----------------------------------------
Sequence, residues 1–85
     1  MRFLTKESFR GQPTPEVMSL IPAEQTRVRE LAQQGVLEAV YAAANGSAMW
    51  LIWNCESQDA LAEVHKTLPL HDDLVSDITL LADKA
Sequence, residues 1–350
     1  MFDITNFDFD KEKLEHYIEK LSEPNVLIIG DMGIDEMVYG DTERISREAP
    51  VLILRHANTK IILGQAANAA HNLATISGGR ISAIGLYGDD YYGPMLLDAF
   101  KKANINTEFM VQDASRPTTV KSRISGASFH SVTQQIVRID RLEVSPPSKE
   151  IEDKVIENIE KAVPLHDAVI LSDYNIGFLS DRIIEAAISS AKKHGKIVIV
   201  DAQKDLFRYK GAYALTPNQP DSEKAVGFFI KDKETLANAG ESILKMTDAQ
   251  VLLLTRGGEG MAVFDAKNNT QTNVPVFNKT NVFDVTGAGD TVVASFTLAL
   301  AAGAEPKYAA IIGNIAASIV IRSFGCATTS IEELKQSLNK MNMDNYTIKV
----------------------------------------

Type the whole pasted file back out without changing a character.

Sequence, residues 1–85
     1  MRFLTKESFR GQPTPEVMSL IPAEQTRVRE LAQQGVLEAV YAAANGSAMW
    51  LIWNCESQDA LAEVHKTLPL HDDLVSDITL LADKA
Sequence, residues 1–350
     1  MFDITNFDFD KEKLEHYIEK LSEPNVLIIG DMGIDEMVYG DTERISREAP
    51  VLILRHANTK IILGQAANAA HNLATISGGR ISAIGLYGDD YYGPMLLDAF
   101  KKANINTEFM VQDASRPTTV KSRISGASFH SVTQQIVRID RLEVSPPSKE
   151  IEDKVIENIE KAVPLHDAVI LSDYNIGFLS DRIIEAAISS AKKHGKIVIV
   201  DAQKDLFRYK GAYALTPNQP DSEKAVGFFI KDKETLANAG ESILKMTDAQ
   251  VLLLTRGGEG MAVFDAKNNT QTNVPVFNKT NVFDVTGAGD TVVASFTLAL
   301  AAGAEPKYAA IIGNIAASIV IRSFGCATTS IEELKQSLNK MNMDNYTIKV